Any support that Zuma gives to forming an alliance with the ANC would be contingent on Ramaphosa being removed as the head of government, the people said.

Such a scenario wouldn’t be unprecedented — the ANC removed Thabo Mbeki as president in 2008 after Zuma replaced him as its leader. And Zuma himself was forced to quit in 2018, two months after Ramaphosa took control of the party.

Populist Concessions

Complicating matters is the fact that while Zuma heads the MKP, he insists he remains a member of the ANC — which in turn has said it plans to discipline him for campaigning for a rival.

“The ANC would have to justify how it’s in a coalition with the party of a leader they are still here to discipline in their own structures,” Mnguni said. “Do they keep him a member of the ANC? And I think it just opens up a really, really a lot of unknowns politically.”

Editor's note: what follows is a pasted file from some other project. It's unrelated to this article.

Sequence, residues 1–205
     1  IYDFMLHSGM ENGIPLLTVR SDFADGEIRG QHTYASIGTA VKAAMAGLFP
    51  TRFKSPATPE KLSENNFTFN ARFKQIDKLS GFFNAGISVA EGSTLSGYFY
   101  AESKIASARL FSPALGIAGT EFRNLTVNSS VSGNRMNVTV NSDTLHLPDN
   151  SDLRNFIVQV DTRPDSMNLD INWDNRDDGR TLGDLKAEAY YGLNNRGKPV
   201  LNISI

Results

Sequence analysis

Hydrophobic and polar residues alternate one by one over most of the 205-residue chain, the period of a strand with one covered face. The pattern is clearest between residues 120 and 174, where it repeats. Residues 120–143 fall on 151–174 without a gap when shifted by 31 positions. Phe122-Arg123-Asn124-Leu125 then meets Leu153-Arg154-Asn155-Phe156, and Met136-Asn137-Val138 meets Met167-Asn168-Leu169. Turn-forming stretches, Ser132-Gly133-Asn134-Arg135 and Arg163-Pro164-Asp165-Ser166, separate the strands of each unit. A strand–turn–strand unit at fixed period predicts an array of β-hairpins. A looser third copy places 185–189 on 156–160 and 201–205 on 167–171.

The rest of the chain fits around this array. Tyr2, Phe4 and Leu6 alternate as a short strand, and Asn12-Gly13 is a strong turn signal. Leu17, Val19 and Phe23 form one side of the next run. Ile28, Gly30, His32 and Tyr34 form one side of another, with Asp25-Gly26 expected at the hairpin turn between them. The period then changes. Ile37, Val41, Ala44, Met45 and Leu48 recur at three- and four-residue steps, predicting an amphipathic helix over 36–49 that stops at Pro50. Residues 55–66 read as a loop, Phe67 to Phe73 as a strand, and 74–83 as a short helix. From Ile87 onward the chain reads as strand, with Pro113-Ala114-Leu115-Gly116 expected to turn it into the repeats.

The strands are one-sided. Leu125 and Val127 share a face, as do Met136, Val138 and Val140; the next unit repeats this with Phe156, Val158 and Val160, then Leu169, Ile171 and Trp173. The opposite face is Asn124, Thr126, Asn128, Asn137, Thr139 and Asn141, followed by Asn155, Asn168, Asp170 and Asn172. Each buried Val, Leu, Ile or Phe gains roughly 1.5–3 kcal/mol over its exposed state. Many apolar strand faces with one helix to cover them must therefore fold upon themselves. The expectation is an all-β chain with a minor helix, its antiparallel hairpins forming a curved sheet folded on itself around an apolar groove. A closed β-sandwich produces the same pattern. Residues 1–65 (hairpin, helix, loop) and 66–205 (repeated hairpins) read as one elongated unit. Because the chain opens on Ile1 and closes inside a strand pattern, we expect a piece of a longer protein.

A third pillar in an ANC-MKP alliance would be the EFF, led by Julius Malema. He was previously expelled from the ANC and also has an acrimonious relationship with the president. Malema has indicated he’d be open to such a tie-up, but would likely try and extract a number of concessions, including trying to ensure that all land is placed under state custodianship.

Ramaphosa is unlikely to agree to any deal with the EFF and the MKP, according to two of his close allies. He would likely offer to resign should his fellow party leaders opt to go that route, they said.

Presidency spokesman Sibongile Besani didn’t respond to a request for comment.

The ANC’s top leadership is set to meet in the coming days to discuss a course of action. A resolution is expected soon — under South African law, a government needs to be formed within 14 days of the election results being announced.

If Ramaphosa did step down, the ANC is expected to try and replace him with his deputy, Paul Mashatile.

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--With assistance from Thomas Hall.

(Updates with rand reaction in fourth paragraph.)